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Pocket Parks – the future of urban parks & playgrounds?

We’ve all heard the saying that, “bigger is better.” When it comes to designing parks and playgrounds, we know that the more room you have the more fun you can pack into the space allowed; but what do you do when there’s limited space and you still need to create an attractive and engaging place for local residents to enjoy, despite its smaller footprint? One potential solution is the pocket park. Never heard of it? Allow us to introduce you to it.

A small school yard from Paris, France with Vertical Maze play equipment.

Pocket parks

Pocket parks, or otherwise referred to as mini-parks or parkettes, are small parks that are commonly accessible to the public. First popping up in Europe after World War II, pocket parks were built more because of the scarcity of available resources, and not so much for their chic or design aesthetics. With many larger cities experiencing a rebuilding and reconstruction phase, building materials, funding and available labor was limited. As such, many of these cities did the best to dig out of the rubble and constructed small public parks in an effort to rejuvenate their neighborhoods and to harken back to their more peaceful pasts. By the time the 1950s rolled around, pocket parks had made the jump across the Atlantic and began to pop up in larger cities up and down the east coast, like New York, Baltimore and Philadelphia. The smaller costs associated with these projects made them very attractive to communities and provided their residents with a petite oasis of tranquility and relaxation. 


A small nature play playground next to a street in Australia
A small nature play playground next to a street in Australia.

Small parks designed for the users

Pocket parks can be specifically planned or sometimes just happen as a happy coincidence. Abandoned, irregularly shaped lots are great candidates for these miniature masterpieces of landscape architecture, with many providing the ideal setting for local relaxation and enjoyment. Due to their small size, pocket parks are more often than not intended to serve a rather hyperlocal population and purpose than a more sprawling park. A pocket park in a business district may cater more to users as a place for them to enjoy their lunch or breaks at a variety of tables and benches, whereas a residential area’s pocket park may focus more on the children in the surrounding area and providing them with a structure upon which to play. It’s common, when taking these things into account, then for a pocket park to oftentimes receive a good amount of input and feedback from the would-be users; providing them with a say in what they want in their pocket park and how they want it to be configured.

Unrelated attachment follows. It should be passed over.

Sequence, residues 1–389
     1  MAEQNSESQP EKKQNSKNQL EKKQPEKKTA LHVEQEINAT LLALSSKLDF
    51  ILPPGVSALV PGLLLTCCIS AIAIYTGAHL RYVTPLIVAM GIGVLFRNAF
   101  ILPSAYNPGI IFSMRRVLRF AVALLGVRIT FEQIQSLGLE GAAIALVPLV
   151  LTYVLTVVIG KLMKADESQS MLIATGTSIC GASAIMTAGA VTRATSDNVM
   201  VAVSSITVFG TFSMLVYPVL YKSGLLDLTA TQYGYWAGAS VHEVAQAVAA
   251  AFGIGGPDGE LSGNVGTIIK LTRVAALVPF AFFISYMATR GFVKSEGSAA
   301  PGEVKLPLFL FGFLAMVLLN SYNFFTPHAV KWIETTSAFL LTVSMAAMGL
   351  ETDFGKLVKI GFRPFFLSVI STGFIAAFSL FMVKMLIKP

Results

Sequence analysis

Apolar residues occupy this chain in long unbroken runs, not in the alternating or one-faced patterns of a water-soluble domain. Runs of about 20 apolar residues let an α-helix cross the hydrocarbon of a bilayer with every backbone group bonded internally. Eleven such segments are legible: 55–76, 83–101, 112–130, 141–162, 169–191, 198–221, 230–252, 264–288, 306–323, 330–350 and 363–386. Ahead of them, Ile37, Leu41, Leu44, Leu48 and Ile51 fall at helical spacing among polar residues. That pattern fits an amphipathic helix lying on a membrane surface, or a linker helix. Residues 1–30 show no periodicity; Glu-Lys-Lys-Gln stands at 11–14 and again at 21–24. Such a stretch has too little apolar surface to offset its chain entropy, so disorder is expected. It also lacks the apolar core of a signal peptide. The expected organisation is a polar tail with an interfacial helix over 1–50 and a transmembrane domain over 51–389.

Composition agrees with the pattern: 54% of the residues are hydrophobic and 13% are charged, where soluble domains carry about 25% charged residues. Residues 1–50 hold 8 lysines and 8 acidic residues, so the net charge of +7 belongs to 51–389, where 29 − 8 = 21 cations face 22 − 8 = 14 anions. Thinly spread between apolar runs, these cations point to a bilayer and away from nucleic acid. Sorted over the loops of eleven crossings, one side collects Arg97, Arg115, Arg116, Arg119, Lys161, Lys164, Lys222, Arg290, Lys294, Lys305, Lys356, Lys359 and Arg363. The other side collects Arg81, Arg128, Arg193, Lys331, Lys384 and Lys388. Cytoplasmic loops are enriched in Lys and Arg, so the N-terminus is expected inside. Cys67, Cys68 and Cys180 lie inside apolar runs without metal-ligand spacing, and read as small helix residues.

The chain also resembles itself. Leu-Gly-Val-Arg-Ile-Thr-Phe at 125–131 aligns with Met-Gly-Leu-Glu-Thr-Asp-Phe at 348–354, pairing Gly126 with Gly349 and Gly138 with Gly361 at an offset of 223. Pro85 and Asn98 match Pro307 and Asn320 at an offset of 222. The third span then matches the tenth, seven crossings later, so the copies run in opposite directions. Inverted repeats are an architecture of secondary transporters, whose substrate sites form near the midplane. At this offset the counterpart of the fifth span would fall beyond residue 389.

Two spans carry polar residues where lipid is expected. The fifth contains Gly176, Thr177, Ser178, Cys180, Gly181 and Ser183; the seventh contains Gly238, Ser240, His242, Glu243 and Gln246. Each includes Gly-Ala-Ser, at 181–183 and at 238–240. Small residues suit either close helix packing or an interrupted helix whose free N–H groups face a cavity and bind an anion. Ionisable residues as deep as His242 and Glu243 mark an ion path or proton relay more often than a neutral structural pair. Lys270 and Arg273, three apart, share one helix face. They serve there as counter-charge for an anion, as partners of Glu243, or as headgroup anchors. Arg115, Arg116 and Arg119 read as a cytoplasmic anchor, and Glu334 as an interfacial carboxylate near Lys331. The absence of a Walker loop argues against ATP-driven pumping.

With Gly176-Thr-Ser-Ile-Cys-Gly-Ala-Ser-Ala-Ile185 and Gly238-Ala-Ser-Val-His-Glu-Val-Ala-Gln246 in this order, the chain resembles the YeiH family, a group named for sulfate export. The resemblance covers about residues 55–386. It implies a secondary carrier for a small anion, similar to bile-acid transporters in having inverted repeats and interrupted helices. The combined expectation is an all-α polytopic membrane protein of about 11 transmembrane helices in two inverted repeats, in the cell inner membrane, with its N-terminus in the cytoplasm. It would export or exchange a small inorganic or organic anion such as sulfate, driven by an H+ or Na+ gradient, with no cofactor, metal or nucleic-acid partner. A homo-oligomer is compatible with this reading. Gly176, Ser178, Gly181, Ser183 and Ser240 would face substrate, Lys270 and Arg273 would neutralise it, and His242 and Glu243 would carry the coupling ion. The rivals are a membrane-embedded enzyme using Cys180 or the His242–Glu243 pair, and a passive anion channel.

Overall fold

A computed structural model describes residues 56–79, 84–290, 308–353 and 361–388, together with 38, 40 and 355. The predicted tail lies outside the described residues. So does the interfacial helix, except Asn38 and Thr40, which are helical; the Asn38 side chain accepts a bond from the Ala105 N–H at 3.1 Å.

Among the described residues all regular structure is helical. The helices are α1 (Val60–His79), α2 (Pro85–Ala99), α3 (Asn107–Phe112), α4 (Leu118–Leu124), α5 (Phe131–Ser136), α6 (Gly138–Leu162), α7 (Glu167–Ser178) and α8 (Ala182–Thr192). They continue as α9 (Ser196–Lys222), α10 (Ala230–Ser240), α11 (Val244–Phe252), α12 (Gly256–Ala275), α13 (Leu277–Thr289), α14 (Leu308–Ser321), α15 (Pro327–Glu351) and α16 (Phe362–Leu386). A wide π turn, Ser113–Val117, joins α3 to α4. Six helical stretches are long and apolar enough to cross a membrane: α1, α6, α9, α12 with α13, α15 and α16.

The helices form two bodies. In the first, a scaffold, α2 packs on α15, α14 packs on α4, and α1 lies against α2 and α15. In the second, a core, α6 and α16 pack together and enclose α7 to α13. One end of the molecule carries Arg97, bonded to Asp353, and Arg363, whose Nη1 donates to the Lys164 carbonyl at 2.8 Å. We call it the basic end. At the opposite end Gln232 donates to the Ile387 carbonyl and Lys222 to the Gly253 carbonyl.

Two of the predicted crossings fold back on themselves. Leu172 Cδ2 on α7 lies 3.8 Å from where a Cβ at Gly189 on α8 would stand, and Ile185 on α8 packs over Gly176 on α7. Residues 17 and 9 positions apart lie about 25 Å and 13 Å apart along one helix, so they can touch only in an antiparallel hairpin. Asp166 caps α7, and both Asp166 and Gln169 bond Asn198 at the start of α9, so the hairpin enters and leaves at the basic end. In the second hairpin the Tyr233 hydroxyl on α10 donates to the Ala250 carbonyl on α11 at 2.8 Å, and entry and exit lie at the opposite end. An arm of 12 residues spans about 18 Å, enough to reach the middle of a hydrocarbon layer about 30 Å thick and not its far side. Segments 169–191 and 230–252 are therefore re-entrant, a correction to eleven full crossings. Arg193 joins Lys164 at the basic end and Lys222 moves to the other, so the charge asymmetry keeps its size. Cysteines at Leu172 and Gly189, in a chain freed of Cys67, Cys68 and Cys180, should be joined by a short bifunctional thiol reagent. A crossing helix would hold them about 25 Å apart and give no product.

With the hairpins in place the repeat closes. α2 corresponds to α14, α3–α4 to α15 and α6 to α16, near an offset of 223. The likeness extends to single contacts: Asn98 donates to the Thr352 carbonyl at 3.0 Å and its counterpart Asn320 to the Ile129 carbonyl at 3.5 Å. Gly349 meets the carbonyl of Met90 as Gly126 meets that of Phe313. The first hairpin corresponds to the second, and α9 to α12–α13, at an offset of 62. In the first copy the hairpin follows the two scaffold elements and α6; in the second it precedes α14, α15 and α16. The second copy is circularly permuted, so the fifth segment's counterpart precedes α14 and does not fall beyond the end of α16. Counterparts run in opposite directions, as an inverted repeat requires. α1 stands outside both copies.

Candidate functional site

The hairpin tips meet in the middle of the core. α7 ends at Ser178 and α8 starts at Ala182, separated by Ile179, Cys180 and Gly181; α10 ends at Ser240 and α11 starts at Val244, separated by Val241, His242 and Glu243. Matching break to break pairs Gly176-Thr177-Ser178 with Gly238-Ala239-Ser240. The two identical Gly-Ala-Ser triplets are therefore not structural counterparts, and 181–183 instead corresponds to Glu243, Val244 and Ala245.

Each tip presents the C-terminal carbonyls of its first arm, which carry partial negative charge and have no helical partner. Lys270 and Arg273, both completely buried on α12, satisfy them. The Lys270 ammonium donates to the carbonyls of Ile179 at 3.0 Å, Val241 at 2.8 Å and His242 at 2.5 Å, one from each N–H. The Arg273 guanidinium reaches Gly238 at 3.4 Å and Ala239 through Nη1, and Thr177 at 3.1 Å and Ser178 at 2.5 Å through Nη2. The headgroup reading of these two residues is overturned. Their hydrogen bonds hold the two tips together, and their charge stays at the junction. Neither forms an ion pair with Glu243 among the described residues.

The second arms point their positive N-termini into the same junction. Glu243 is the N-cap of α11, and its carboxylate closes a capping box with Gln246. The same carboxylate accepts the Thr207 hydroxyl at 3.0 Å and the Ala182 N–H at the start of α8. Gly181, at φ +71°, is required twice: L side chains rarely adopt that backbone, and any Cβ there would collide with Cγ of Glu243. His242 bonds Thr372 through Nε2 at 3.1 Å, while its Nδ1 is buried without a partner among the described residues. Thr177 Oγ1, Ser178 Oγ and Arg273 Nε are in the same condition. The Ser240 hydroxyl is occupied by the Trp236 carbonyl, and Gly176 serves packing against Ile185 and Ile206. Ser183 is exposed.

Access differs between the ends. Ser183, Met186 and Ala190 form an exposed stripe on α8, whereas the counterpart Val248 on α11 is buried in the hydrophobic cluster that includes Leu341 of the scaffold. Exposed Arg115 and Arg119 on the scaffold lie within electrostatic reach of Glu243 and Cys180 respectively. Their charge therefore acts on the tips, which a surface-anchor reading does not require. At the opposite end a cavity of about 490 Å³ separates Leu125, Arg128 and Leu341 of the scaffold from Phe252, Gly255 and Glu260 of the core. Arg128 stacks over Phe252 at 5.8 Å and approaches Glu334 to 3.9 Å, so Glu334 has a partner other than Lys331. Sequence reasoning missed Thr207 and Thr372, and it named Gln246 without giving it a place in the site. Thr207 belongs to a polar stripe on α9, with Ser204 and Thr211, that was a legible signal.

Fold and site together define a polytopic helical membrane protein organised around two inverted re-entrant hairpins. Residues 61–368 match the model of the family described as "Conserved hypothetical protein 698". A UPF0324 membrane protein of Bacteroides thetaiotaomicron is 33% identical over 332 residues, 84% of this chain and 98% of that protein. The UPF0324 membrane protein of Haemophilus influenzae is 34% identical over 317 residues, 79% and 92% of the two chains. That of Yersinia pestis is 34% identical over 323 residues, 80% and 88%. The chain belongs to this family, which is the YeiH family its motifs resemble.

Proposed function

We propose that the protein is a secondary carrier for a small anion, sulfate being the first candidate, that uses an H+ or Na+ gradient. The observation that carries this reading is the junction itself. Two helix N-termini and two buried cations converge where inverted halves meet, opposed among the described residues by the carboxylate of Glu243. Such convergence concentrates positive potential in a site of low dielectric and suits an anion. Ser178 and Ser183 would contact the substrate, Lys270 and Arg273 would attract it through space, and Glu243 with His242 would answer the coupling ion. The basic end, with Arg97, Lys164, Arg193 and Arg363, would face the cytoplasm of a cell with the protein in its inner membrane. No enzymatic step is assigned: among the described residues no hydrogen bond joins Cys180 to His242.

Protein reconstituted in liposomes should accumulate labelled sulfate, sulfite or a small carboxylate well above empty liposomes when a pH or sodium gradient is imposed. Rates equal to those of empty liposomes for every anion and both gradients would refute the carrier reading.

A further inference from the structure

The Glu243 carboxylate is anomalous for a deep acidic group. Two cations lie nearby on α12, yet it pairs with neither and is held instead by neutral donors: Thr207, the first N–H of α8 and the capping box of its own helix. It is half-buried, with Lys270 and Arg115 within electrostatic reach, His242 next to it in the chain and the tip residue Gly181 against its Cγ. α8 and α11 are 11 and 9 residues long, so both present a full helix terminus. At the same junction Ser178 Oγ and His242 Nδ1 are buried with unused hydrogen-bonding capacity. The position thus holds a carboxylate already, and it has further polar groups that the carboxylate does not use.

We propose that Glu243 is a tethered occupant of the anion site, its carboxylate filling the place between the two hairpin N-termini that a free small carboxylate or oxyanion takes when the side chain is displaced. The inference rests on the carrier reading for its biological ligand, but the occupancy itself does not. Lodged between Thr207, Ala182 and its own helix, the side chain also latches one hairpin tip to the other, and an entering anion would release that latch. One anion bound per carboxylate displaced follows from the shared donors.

A small park in the middle of Krakow, Poland.

A green oasis in an urban environment

In addition to the social benefits, pocket parks also can provide ecological benefits; creating a green space or a sort of buffer zone that separates itself from the surrounding environment. It’s not uncommon to see small ecosystems develop and thrive within pocket parks, often attracting a variety of urban wildlife. Although they may be typically intended for human use, these pocket parks can often create a secure and welcoming setting for birds and other creatures. They also can also relieve the environmental stress that is placed on larger parks, by helping to ease overcrowding.

Outdoor gym under railway in Melbourne, Australia.

Pocket parks are trending

Although they aren’t technically a new product within the commercial park and playground industry, pocket parks are certainly trending in an upward direction. Their environmental benefits, economic potential to attract new businesses and residents and positive public health image has many city planners and landscape architects buzzing at the thought of creating a niche setting that is perfectly designed and constructed with the needs of its local users in mind.  With so many possibilities and potential, it’s easy to see why pocket parks are on the up-swing across many urban centers of the world.  

References
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